Every now and then I find a piece—a mystery—that is quite unlike anything else I've collected in the past. I'm certain that the piece "has age." I perceive that it has quality. And I know that I like it aesthetically. But the questions remain: who made it, where and when? In time, I've learned to trust my intuition and make the leap. Only rarely have I come to regret such a purchase.
This vase, which I found in America, is the second such piece I've uncovered in 30 years. The first, purchased 25 years ago, is identical except for its matte chocolate brown glaze, a bit crazed (and it's safely ensconced in my private collection—alongside the other chocolate brown ceramics I love so dearly). When I found this piece, I did not question whether I should buy it (I did). But I did question who made it, where and when.
This piece wears a classic sang de boeuf glaze—known as "oxblood" to us English speakers. Such glazes were first developed in China in the late 1600's. By the 1700's, Europeans had gone c-r-a-z-y for this rare, exotic and very difficult-to-produce coloration. China was not giving away her secret! But she was happy to produce, sell and ship the works to a hungry Western consumer. Trade with Europe was novel, profitable and increasing (that is, until the Opium Wars and other Nineteenth Century conflicts disrupted free and easy trade).
In the West, in the Eighteenth Century, a collection of precious Chinese ceramics (including oxblood) represented the height of taste, refinement and financial wherewithal. Try as they might, Western ceramicists could not figure-out how to duplicate the glaze ingredients (which includes copper oxide) and the firing (a complex "reduction" process in an oxygen-free kiln). Any red glaze was highly temperamental; one small change in the glaze ingredients, temperature or firing time (not to mention the multi-step processes) could easily change a red from nice to ugly. What makes the Chinese achievement even more impressive is considering the relatively primitive kiln technology of the late 1600's: brick or mud kilns, wood for fuel, unsophisticated temperature gauges, and little flaps or windows which could be opened or closed to regulate the heat.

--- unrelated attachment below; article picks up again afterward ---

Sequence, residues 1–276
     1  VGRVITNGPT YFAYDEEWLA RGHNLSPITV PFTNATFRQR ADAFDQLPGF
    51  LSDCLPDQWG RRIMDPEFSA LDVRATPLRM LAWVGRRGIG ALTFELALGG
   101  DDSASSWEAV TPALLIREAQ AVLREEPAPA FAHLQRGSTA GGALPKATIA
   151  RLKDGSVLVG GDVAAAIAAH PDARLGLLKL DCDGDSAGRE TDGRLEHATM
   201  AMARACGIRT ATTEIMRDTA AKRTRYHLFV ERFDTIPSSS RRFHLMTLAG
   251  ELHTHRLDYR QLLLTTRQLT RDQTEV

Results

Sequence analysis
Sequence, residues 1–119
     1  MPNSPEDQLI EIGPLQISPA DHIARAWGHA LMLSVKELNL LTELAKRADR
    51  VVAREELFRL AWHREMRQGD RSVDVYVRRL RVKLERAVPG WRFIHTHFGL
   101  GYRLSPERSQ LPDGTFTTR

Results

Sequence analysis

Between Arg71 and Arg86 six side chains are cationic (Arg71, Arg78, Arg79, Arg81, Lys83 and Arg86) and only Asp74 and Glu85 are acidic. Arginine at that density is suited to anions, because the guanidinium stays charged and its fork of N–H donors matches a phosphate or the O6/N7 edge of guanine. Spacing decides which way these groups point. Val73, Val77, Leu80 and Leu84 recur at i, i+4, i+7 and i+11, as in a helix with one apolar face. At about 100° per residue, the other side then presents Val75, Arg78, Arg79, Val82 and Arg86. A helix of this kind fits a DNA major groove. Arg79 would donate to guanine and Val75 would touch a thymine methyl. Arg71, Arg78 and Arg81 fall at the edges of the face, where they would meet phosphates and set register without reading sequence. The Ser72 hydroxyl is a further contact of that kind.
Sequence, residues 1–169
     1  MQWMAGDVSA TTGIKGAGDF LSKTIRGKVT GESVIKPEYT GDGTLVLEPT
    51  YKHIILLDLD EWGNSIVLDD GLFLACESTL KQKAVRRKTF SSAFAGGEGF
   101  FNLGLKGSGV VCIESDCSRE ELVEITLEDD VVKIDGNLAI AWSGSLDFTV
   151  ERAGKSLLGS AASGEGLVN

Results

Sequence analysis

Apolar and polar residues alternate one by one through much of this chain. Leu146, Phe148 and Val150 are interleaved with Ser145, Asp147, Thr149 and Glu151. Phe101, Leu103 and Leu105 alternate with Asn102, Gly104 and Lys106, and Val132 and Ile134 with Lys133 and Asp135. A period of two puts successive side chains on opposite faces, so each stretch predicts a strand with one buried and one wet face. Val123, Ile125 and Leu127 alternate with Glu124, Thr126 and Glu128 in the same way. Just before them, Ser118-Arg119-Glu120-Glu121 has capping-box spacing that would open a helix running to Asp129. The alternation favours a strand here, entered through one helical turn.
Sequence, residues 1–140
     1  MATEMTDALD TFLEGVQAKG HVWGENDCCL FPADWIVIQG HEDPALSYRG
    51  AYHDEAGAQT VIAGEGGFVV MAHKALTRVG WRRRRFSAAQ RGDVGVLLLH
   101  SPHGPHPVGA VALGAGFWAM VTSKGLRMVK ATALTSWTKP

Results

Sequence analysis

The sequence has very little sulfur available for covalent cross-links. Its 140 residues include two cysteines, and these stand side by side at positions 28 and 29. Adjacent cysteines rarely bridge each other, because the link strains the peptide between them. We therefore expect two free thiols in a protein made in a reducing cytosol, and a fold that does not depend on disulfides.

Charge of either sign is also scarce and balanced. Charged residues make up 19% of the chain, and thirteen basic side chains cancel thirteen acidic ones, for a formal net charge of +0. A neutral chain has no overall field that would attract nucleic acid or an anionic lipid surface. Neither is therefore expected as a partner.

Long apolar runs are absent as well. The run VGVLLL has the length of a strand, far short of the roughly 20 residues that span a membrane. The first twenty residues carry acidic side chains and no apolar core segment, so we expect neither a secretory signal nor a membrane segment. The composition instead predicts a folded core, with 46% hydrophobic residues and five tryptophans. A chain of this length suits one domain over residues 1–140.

Eventually, by the time this piece was made, Western potters had access to more reliable and easier-to-use oxblood glazes. But the exoticism and allure of the color has remained strong ever since. And the sang de boeuf color remains associated with the earliest Chinese ceramics imports.
As you see, I did purchase this second mystery vase. And, after vacillating, I decided to offer it for sale in my shop (though it would look good with my growing collection of oxblood ceramics!). The corseted form is decorated with a series of "terra-cotta" sunflower stems. It has a strong Art Nouveau sensibility—with a foreshadowing of the Art Deco movement to come. Click on the photo above to learn more about it.
Though our Greenwich Village store is now permanently closed, LEO Design is still alive and well! Please visit our on-line store where we continue to sell Handsome Gifts (www.LEOdesignNYC.com).
We also can be found in Pittsburgh's historic "Strip District" at Mahla & Co. Antiques (www.mahlaantiques.com) or in Canonsburg, Pennsylvania at The Antique Center of Strabane (www.antiquecenterofstrabane.com).
Or call to arrange to visit our Pittsburgh showroom (by private appointment only). 917-446-4248